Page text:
South Sudan archivists fear loss of historical texts

With efforts to get national archives off the ground stalled, conflict not only threatens people but also historical heritage.

Juba, South Sudan – The history of Africa’s youngest nation is on the shelves surrounding Youssef Onyalla.

Onyalla, director of South Sudan’s national archives, delicately turns the yellowed pages, which provide a link to the country’s past. 

“We have archives on [tribes], we have documents on roads, we have documents on criminal cases, and then we have a lot of documents … on intelligence, agriculture, education,” he said.

South Sudan doesn’t have a museum, so thousands of archival documents are sitting in a small building in the capital, Juba, waiting for a national archives to be built.

The documents have been collected since 2005, and until recently, they were stored in tents.

Most are British colonial records that date back to the 19th century when South Sudan was still part of Sudan.

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South Sudan gained its independence in 2011, but two years later, conflict broke out.

Thousands of people have been killed, and more than four million people have been displaced in the fighting, according to the United Nations.

The conflict has stalled the government’s plan to build the archives.

Funding difficulties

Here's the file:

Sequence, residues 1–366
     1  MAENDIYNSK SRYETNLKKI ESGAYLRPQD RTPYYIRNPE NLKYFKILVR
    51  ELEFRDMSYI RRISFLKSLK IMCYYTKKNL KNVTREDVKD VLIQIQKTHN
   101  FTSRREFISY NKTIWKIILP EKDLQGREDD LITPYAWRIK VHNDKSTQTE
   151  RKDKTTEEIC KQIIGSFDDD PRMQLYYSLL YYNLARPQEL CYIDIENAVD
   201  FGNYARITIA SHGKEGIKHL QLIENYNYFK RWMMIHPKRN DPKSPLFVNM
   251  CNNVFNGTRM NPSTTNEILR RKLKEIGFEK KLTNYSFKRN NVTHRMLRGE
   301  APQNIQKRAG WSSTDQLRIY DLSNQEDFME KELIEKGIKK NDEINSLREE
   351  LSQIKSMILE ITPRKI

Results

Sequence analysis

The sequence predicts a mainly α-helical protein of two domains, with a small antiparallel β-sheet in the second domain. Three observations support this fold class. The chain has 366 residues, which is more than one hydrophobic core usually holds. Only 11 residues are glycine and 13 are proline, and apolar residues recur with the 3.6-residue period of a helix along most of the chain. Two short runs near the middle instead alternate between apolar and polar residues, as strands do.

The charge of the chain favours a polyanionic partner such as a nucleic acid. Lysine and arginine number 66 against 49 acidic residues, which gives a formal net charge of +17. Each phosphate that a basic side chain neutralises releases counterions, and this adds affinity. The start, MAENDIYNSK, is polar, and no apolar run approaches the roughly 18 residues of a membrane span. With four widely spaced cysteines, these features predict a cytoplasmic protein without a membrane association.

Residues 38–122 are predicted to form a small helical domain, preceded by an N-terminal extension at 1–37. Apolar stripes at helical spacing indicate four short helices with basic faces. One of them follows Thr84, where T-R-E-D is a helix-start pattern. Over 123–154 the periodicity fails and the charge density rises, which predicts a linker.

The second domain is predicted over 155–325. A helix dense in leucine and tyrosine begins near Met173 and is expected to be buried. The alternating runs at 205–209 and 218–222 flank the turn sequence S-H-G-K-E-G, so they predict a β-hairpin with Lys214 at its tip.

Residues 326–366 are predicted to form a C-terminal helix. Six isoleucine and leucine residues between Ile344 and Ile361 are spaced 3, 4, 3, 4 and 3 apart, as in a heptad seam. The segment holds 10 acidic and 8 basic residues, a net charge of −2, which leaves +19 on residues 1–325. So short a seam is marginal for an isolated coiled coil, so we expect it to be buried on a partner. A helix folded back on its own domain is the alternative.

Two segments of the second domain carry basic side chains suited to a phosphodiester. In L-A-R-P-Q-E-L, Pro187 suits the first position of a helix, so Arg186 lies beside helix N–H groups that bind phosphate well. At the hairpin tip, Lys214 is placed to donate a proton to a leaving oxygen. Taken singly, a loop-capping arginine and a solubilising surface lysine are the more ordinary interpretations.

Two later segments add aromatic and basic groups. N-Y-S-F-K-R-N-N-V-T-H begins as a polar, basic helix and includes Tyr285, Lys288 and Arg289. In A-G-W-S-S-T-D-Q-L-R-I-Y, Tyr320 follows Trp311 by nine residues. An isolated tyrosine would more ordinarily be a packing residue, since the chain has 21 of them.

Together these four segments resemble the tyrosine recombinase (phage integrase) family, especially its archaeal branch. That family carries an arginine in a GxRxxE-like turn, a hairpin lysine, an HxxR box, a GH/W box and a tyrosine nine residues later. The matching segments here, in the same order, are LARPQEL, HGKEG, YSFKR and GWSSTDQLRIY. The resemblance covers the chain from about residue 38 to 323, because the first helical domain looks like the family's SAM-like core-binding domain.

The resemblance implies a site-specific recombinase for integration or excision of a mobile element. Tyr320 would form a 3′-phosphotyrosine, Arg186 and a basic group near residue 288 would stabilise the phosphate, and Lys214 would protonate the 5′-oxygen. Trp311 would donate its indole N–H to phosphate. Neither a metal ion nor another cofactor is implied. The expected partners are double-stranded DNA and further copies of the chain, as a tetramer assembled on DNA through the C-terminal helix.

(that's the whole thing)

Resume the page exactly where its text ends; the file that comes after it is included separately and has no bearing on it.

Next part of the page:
The project will also need the help of international donors to get off the ground, and the ongoing conflict has made it difficult to secure funding.

“It’s true that the different outbreaks of conflict have caused some delays to the project,” said Anna Rowett, programme manager of the Rift Valley Institute, a non-profit research and training organisation.


“They need a proper home. These documents are very fragile. Some of them are over 100 years old,” Rowett said.

In the meantime, though, archival documents have been printed onto large posters and affixed to walls in Juba as part of an effort to encourage South Sudanese citizens to learn about their own history.

“These archives are teaching me about what has been written down,” said Amira Ajak, a resident, in front of the display.

“I’m learning my country’s history. Anyone can read and learn about their heritage.”